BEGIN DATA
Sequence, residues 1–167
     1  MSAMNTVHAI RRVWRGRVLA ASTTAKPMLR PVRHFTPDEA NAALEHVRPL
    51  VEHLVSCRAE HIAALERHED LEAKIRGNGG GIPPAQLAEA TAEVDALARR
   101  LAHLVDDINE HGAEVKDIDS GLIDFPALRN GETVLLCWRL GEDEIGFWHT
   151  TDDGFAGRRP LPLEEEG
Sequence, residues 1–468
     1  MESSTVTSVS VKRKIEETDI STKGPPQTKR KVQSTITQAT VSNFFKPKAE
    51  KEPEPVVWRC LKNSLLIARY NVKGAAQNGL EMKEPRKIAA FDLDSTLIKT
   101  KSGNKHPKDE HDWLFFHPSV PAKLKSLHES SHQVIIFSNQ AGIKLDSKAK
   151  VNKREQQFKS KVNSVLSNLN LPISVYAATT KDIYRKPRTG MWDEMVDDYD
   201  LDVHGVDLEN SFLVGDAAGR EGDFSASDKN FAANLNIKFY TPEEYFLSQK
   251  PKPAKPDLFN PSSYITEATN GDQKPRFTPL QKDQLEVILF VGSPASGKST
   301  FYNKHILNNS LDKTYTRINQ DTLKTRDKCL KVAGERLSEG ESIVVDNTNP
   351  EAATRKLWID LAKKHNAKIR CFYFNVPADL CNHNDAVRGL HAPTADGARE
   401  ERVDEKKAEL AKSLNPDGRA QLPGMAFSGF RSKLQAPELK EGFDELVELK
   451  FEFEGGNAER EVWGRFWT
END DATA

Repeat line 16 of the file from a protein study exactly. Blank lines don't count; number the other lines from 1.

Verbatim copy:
   451  FEFEGGNAER EVWGRFWT